Few ventilators, little cash: Sudan braces for coronavirus test
Khartoum (Reuters) – With just a few hundred ventilators and international aid slow to materialise, Sudan’s fledgling government knows it has an uphill battle against a coronavirus pandemic that has brought far richer countries to a standstill.
The number of cases of the novel coronavirus is still small and doctors say they are able to cope so far, but they are concerned that a healthcare system that has been underfunded for decades will not be able to cope if numbers spike.
That is an added challenge for the military-civilian transitional government, which is already trying to balance reforms with expectations among Sudan’s 40 million people who want change after long-time leader Omar al-Bashir was toppled.
“We inherited a collapsed healthcare system and an economy in crisis from the former regime, and our only choice is precautionary measures to stop the spread of the epidemic in the country,” Health Minister Akram Ali Altom told Reuters.
Sudan has increased its health budget by 200%, but Altom said aid was still needed: $120 million to fight the new virus and $150 million to cover medicines until June.
Almost all of Sudan’s 140 coronavirus cases, including 13 deaths, have been in the capital Khartoum, now under a three-week lockdown.
But some experts estimate that may represent only 2% of those infected, as patients tend to show up only when really sick and limited resources hamper widespread testing.
A relatively young population might keep the burden lower than in some other countries, however.
The health ministry plans to prepare 1,433 beds for COVID-19 patients, according to a U.N. report.
Health ministry sources said the country only has about 300-400 ventilators shared among all patients, although doctors say some 200 more are on the way.
“On a normal day in Sudan you can’t find a ventilator. It’s going to be a disaster. Those who have immunity will live, and those who don’t will have to pray,” said Abdelhameed Elbushra, a doctor at the main treatment facility in the Jabra neighbourhood of Khartoum.
The pandemic comes as the civilian Prime Minister Abdalla Hamdok works to undo Bashir’s legacy, including galloping inflation, corruption, and insurgencies.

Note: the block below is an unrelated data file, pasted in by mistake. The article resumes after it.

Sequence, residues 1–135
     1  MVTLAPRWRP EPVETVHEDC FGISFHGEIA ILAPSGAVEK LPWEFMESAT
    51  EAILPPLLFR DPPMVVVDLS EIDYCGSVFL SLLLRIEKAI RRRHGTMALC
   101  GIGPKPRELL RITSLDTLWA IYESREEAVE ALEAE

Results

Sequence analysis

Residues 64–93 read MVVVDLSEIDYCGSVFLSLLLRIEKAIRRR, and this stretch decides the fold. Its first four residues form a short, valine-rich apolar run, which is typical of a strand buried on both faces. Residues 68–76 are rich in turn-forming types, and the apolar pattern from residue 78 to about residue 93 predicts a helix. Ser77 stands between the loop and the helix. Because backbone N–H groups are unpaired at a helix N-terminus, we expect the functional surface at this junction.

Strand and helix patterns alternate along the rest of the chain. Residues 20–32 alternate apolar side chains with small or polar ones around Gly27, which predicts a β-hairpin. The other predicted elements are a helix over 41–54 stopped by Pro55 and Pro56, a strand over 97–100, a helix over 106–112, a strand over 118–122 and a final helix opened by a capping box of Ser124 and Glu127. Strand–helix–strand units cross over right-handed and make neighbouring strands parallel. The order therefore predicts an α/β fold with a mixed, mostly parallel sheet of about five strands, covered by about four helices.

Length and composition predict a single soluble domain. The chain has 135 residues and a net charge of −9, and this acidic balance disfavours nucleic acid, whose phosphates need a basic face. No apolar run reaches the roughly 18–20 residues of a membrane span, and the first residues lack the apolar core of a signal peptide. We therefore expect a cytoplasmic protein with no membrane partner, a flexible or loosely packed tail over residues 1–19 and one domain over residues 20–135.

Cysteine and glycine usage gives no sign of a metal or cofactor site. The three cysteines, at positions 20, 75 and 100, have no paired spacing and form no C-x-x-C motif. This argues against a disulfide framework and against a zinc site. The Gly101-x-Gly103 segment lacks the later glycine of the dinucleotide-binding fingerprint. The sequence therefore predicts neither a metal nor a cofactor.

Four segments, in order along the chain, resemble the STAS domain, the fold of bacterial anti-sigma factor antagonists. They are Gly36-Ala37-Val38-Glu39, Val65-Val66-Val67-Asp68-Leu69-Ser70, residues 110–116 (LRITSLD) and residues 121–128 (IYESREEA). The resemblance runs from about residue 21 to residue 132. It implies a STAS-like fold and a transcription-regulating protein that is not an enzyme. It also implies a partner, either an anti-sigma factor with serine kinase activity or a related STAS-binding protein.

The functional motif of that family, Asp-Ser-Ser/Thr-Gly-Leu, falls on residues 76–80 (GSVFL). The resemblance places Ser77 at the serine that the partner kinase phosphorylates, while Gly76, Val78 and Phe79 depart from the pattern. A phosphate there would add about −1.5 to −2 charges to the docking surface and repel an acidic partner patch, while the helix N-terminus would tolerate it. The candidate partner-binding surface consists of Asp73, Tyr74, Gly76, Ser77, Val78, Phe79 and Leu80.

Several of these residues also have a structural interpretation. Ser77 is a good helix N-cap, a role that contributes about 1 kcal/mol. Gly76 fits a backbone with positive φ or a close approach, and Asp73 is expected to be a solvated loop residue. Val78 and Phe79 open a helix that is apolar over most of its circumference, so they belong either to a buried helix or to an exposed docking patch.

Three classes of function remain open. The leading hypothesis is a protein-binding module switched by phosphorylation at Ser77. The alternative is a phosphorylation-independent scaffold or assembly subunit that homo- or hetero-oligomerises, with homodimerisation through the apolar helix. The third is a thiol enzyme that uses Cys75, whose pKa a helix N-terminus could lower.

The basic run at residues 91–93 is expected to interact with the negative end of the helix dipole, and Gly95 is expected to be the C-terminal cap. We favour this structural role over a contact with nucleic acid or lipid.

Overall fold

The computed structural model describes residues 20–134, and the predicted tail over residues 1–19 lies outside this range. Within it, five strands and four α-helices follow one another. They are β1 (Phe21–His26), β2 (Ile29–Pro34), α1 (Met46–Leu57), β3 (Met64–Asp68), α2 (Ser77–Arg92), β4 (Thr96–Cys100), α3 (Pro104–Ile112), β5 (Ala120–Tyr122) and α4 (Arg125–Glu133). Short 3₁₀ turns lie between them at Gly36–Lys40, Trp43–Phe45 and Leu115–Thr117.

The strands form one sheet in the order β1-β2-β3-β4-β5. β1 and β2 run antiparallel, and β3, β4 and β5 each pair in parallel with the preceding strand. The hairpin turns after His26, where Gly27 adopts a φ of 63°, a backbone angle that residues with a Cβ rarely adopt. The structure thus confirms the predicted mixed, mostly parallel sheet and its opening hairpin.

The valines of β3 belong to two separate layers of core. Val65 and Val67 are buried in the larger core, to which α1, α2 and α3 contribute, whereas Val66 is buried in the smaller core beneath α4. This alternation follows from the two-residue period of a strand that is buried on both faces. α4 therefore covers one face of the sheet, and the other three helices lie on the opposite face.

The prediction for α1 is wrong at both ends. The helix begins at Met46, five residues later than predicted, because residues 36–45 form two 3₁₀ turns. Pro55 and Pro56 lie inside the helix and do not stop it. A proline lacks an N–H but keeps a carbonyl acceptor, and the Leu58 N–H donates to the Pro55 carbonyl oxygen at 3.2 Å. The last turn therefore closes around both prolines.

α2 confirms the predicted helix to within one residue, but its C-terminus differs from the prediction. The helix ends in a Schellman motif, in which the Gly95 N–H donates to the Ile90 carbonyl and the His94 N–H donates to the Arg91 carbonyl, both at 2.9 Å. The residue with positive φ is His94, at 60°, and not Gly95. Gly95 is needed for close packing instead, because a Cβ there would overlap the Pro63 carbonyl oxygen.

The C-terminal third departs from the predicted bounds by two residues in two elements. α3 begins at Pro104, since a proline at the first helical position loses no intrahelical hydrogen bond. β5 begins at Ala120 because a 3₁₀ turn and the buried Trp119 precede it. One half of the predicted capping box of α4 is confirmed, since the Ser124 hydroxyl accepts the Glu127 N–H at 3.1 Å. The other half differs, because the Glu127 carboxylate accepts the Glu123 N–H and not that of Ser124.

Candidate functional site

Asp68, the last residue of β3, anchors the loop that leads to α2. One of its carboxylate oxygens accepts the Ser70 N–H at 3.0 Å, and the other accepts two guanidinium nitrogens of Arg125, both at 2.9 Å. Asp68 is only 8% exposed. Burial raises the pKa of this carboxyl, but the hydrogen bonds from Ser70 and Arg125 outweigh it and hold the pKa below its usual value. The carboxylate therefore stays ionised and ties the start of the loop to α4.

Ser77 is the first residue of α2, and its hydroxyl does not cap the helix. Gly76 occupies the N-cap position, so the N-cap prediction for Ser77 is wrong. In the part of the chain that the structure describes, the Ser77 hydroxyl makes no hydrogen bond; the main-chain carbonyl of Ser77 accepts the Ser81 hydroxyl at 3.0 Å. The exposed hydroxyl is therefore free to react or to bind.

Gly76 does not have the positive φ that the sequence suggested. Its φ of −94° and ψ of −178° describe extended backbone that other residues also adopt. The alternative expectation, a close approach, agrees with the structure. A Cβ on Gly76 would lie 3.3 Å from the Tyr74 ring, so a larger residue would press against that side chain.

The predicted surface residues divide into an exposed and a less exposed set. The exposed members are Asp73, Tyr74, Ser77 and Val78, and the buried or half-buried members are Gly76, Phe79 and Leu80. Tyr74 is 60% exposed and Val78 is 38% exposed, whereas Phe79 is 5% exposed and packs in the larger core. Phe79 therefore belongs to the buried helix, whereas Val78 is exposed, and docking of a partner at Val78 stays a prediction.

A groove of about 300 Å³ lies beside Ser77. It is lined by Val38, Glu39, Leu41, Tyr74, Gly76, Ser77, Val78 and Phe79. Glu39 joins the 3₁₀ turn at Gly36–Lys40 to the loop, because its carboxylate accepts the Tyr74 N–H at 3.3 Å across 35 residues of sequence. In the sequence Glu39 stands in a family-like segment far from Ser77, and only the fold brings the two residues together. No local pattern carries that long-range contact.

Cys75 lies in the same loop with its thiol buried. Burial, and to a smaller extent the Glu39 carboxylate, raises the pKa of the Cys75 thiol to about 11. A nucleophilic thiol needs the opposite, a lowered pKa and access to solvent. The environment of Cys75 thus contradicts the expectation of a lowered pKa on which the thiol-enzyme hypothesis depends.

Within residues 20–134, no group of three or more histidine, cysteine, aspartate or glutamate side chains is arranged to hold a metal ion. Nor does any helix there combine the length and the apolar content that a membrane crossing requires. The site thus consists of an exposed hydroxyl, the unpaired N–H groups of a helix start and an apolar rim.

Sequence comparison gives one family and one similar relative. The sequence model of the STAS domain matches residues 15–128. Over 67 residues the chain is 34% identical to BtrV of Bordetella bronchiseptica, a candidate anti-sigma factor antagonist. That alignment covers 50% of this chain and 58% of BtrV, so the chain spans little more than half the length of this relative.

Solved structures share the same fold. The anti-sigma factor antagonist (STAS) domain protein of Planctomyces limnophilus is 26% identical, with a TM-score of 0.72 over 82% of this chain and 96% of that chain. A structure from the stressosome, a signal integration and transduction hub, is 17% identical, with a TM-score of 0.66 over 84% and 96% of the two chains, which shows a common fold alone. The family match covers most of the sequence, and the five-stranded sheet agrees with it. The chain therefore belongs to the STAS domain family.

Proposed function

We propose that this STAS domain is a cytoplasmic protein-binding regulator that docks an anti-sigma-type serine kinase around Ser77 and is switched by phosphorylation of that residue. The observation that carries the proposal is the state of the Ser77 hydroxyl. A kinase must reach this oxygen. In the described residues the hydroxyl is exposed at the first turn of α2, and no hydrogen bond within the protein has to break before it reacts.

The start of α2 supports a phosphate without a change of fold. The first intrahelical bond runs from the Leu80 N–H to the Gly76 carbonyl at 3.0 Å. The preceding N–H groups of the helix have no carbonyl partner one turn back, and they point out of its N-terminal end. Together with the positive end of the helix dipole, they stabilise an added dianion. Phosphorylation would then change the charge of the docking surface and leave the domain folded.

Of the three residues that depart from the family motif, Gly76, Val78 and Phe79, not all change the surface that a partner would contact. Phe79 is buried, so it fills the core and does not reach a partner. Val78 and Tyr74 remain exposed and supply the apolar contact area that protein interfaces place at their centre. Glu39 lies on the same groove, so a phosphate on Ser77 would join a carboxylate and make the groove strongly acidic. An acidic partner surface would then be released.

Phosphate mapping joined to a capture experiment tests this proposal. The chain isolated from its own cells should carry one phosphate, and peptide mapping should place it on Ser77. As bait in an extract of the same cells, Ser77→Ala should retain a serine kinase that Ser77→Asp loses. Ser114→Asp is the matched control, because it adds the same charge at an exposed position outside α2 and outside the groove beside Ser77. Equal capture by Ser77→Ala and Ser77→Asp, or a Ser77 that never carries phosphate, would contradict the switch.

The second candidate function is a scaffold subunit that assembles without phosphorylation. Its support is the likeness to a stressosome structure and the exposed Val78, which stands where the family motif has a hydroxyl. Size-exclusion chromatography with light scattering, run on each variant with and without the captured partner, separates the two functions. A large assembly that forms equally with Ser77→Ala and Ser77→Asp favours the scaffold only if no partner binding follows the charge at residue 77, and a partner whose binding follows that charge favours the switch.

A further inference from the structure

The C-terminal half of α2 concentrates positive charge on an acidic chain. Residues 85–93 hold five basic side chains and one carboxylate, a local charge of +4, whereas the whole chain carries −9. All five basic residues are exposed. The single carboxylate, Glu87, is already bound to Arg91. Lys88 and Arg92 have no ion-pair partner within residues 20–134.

He has struggled to end lines for bread and fuel amid a spiraling economy, which the International Monetary Fund (IMF) recently projected would contract by 7.2% this year.
“The government is in a position (where it has) to make very difficult decisions when they don’t have that sense of security,” said Nada Abdelmagid, assistant professor at the London School of Hygiene and Tropical Medicine.
International donors have held back, demanding a reform plan and the lifting of fuel subsidies costing about $3.5 billion a year.
Potential donors from the West and the Gulf have postponed from April to June a “Friends of Sudan” economic conference, and with the pandemic there could be more delays.
The European Union and United States have pledged 80 million euros ($86.62 million) and $13.7 million respectively to aid the coronavirus efforts. Two shipments of supplies have arrived from Chinese billionaire Jack Ma.
But importing equipment and medicines has been difficult as countries prioritize their own needs, Altom has said.
Millions of people living in displacement camps and makeshift housing – legacies of armed conflicts in the west and south of Sudan during Bashir’s rule – are particularly vulnerable as social distancing is difficult there, said Julia Paulsson, head of Medecins Sans Frontieres in Sudan.
Much of the burden falls on young doctors like Elbushra, who have been working for little to no pay for years.
Under Bashir, thousands of doctors left to work abroad.
The new government has made improvements, but “the healthcare system did not get its share of the revolution,” said Mohieldin Hassan, another resident doctor active in the coronavirus effort.
Some doctors say they have been attacked by patients’ families who blame them for a failing healthcare system, something the government is trying to stamp out with strict penalties.
A shortage of masks and gowns has meant that doctors are stuck in their gear for hours.
“The goggles steam up and you can’t see. Some doctors go in for an hour and they get so uncomfortable they have to leave,” said Elbushra.
Yet he added: “If people are going to die, then I will be a soldier carrying a rifle against a machine gun. But I’m not going to sit at home.”